Rashomon Sets

Suppose you are tasked to train a machine learning model. You start with a neural network on more or less the raw data. You are not satisfied with the performance, so you start from scratch. But instead of going with your first approach, you try some feature engineering, use some feature filtering and train an xgboost model. With some disappointment you note that the performance of the model is very similar to your first neural network approach. But you are also curious. How did you end up with such similar performances for different modeling approaches? Feature sets are overlapping but not the same and a glance at feature importances and feature effects shows you that the models make decisions for different reasons.

How can both models be correct at the same time? As if there were multiple parallel universes with different events, but where the result (the model performance) is the same.

A set of models which all perform roughly equally well is called a Rashomon set. The idea was introduced by the paper All Models are Wrong, but Many are Useful: Learning a Variable's Importance by Studying an Entire Class of Prediction Models Simultaneously by Aaron Fisher, Cynthia Rudin and Francesca Dominici and yes, that’s the title of the paper and not the abstract.

Rashomon’s Curse?

Does the existence of a Rashomon set pose a problem? Is a Rashomon set a bazaar from which practitioners can choose the models they like? The one that will pass the audit? The one that sits well with the persons prior believes? The one that confirms the researchers hypothesis? The one a customer cannot legally attack? Rashomon Sets give some freedom to the practitioner that might be exploited in a harmful way.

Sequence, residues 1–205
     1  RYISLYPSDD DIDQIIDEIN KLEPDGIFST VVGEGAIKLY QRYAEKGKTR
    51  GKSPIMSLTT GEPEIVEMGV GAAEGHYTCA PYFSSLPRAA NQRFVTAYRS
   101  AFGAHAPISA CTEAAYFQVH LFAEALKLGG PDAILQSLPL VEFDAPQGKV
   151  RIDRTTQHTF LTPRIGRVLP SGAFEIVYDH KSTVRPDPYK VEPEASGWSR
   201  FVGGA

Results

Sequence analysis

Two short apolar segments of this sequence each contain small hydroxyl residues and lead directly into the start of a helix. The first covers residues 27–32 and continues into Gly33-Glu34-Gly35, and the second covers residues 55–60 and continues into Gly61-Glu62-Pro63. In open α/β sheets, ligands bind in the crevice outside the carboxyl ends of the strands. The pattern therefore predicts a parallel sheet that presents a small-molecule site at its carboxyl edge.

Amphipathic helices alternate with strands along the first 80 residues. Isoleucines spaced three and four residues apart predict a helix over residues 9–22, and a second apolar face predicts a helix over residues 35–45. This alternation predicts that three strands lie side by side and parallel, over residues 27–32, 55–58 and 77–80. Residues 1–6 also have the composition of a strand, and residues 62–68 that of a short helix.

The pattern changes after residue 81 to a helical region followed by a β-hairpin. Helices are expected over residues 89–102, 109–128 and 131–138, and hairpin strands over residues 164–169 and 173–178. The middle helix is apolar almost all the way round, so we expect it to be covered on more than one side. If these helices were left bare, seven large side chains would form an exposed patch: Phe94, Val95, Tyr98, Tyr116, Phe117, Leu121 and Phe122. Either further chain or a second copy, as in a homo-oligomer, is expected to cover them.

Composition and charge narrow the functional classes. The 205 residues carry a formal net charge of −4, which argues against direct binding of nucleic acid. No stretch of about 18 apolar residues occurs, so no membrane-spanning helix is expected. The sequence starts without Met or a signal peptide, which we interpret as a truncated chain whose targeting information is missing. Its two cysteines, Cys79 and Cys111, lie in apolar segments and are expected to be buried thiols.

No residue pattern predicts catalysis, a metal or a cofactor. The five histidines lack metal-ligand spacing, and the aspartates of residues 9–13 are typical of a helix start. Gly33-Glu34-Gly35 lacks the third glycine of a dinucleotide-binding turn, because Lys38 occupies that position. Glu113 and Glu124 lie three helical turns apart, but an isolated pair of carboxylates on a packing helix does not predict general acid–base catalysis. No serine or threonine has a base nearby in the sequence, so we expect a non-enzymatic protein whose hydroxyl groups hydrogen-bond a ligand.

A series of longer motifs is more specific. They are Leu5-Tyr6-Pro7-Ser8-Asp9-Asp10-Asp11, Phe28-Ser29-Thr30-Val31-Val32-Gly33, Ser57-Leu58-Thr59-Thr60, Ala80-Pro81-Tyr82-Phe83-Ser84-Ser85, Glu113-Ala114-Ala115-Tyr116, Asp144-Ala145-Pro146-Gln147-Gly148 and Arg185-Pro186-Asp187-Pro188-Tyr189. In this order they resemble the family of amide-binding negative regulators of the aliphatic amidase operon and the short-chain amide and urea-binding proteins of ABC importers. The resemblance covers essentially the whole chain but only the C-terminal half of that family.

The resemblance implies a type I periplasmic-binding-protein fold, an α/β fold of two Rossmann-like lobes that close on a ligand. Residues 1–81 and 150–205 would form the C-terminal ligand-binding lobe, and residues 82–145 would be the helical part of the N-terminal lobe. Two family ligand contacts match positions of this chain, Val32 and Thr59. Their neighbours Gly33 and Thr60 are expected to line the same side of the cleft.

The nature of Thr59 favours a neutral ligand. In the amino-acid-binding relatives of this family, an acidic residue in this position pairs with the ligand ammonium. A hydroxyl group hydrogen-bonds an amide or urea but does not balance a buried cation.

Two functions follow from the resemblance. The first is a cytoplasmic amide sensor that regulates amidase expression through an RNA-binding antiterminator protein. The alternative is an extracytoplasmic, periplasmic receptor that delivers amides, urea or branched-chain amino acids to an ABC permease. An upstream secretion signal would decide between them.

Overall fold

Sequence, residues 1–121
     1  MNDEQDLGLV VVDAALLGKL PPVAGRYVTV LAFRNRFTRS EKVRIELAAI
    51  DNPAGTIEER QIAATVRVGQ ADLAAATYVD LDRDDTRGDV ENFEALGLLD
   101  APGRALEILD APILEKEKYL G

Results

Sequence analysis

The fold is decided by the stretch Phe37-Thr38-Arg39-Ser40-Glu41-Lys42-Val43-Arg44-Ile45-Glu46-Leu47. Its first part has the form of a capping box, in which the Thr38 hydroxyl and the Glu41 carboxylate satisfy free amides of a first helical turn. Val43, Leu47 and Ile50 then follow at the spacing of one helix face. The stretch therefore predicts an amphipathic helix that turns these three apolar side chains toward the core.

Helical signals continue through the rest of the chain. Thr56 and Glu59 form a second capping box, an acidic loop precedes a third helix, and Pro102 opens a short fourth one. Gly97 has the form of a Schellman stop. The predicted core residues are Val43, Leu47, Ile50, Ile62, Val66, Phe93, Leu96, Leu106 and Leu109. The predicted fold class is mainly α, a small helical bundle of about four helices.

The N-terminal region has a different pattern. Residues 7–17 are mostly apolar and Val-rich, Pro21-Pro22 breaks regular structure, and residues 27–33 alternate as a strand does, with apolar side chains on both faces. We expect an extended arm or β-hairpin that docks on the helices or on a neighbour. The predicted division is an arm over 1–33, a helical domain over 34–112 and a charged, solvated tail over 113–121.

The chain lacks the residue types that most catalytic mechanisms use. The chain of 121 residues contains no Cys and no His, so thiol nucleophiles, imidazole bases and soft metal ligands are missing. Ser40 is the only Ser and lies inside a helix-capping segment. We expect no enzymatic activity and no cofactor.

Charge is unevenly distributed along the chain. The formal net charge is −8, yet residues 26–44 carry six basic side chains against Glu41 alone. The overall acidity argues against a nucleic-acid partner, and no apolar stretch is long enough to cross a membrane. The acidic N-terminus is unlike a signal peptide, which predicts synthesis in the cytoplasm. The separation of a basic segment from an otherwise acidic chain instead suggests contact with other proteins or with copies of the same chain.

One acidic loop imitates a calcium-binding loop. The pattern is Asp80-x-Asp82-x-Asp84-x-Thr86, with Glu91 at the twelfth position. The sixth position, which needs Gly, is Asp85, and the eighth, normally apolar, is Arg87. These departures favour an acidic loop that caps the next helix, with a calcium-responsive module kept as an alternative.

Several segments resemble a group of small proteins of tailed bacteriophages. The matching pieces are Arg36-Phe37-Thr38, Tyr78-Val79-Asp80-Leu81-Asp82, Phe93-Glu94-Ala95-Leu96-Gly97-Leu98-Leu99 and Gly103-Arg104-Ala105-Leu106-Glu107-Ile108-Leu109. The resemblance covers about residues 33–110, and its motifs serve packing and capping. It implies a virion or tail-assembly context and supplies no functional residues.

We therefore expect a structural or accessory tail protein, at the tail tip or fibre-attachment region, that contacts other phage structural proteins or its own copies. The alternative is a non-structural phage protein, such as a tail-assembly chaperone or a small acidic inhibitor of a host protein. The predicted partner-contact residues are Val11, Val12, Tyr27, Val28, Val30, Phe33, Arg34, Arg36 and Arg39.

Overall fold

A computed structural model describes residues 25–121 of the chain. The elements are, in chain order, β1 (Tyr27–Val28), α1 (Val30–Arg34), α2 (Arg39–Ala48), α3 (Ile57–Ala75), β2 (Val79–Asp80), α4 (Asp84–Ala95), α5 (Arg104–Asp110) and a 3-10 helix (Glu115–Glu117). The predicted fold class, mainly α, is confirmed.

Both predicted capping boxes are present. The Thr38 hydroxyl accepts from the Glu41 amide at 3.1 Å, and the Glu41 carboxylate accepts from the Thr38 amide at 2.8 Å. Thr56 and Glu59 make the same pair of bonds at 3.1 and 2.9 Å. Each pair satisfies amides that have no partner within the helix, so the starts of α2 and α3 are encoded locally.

Rashomon’s Chance?

When you look at the feature importances and feature effects of a machine learning model, you might realize that the model is flawed. Maybe you used a feature that you should not have used. Or there was, by accident, a little bit of target leakage in one of the features. Or you realize that a model that uses features A and B might be targetable by adversarial attacks.

We usually have a lot of implicit knowledge about the prediction task, but we often don’t know how to encode this knowledge in our model. A Rashomon set gives you the option to choose a model that is more robust. But you might only know it when you see it.

In reality, of course, models in a Rashomon sets might not differ too wildly. There might be some ambiguity when it comes to correlated features, where you can choose between A and B. I have not seen too crazy things to happen, like that a feature effect is reversed.

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